14 February 2013

Zambia: Free Secondary School Education to Help Reduce Poverty

BOUNDLESS education is dangerous!

And so, affordable education to all faces of human race may as well be decoded as the very plea of the success of civilisation.

The international partnership for Education for All (EFA) has been in excess of more than the last two decades, a major swing of the World Bank's education strategy in some parts of Africa.

Nearly all countries in Sub-Saharan Africa have implemented policies to ensure free universal primary education of acceptable quality, bringing a swelling command for access to post-primary education.

The recent Word Bank analysis EFA strategy says some countries are now declaring free universal secondary education.

Zambia is on track in this regard as the social and economic rationale for expanding learning opportunities beyond primary education becomes a reality.

Government says it will soon extend free education as is the case at primary level to secondary schools in line with the Patriotic Front (PF) manifesto.

Vice-President Guy Scott recently informed some residents on the Copperbelt Province that it is pointless to see citizens who are offered free primary school education fail to access secondary school education because of exorbitant fees.

The Vice-President knows better that education is an artillery of human success.

"We are working towards giving free education even in secondary schools. Secondary education should be free so that all citizens, regardless of their social standing in society, can access free but quality education," Dr Scott told his audience, amid a visible yet vibrating and momentous applause in support of the unexpected banner news.

That announcement humanised the souls of his audience!

In the preface of his 1942 English Social History, George Macaulay Trevelyan, the 18th Century poet, writes that curiosity is the lifeblood of real civilisation.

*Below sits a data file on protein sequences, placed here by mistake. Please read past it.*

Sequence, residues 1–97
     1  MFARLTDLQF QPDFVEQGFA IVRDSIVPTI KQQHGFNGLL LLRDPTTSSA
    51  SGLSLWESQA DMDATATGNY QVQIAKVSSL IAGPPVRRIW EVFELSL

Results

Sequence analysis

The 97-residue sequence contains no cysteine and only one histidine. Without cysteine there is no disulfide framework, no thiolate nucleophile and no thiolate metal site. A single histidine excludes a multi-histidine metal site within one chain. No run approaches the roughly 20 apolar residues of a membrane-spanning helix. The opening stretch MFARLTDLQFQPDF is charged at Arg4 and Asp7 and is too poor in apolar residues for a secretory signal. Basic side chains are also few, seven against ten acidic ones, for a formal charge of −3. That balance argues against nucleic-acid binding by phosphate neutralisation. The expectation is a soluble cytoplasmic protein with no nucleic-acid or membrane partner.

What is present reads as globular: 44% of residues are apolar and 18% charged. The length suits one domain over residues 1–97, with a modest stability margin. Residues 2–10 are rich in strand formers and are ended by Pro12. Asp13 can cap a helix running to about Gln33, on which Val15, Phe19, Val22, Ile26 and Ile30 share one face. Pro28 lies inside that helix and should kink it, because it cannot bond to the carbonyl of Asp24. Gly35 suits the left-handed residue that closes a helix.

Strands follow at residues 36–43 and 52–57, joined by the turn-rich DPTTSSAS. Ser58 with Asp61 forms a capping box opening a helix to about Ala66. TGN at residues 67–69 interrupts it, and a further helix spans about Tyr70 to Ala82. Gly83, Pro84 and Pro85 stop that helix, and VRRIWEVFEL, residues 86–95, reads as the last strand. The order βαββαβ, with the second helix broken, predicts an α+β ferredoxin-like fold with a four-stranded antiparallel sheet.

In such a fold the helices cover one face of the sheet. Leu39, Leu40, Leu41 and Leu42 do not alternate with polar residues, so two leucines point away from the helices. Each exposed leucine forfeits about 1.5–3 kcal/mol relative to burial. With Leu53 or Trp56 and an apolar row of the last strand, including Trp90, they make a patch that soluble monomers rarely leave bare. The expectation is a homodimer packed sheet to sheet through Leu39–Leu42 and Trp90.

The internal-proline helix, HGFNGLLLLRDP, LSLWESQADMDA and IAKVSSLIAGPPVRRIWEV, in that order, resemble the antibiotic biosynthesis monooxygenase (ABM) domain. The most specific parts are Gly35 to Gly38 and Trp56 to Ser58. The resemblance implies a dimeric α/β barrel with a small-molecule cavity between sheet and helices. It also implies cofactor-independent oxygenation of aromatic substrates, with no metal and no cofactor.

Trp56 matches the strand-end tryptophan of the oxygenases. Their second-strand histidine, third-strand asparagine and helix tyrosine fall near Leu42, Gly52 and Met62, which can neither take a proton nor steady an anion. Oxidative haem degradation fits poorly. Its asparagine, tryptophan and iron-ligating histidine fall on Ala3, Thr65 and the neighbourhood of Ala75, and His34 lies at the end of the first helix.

That is the reason the World Bank study on free education shows that some countries in Africa, those applying to realise free quality education in the true sense, have to work on mechanisms to finance the education secondary education system to improve learning and teaching, assessment, management and teacher training, equity and access.

Zambia Congress of Trade Unions (ZCTU) secretary general Roy Mwaba says education was a privatised sector under the MMD administration, something which disadvantaged the majority of poor Zambians who were unable to pay school fees.

Privatised education perhaps only managed to produce a people who were only able to read but unable to distinguish what is worth reading to develop the country.

Mr Mwaba argues that the previous Government committed the atrocious crime of privatising the education system something that continued to deny many citizens access to education and forcing them to wallow in abject poverty and perpetual human erosion.

"The majority of parents had the challenge to pay school fees, let alone buy uniforms. Government's plan to extend free primary school education to secondary level is a welcome development because it will allow more parents to send their children to school. It is the right decision at the right time," Mr Mwaba said.

He hopes that the free secondary education policy would also bring about quality in service provision.

For him, Government should deliberately put in place instruments to regulate and ensure free quality education and that national leaders should send their children to public schools to cultivate confidence in the learning facilities.

"Government should build more schools, colleges and universities because free education will produce more graduates which will translate into the need for more jobs. Job creation should be top priority," he said.

Education Deputy Minister David Mabumba says Government has embarked on a programme to start building more tertiary institutions in all the provinces to improve education standards in the country.

Mr Mabumba says so far, construction of two tertiary institutions in Muchinga Province has commenced and nearing completion while a university is being constructed in Chinsali district and a skills training institute in Isoka.

"It is in line with the PF Government's policy of building more learning institutions in order to allow more people to have access to education in the country.

"As PF Government we are committed to build more secondary schools and

colleges in the country," he said.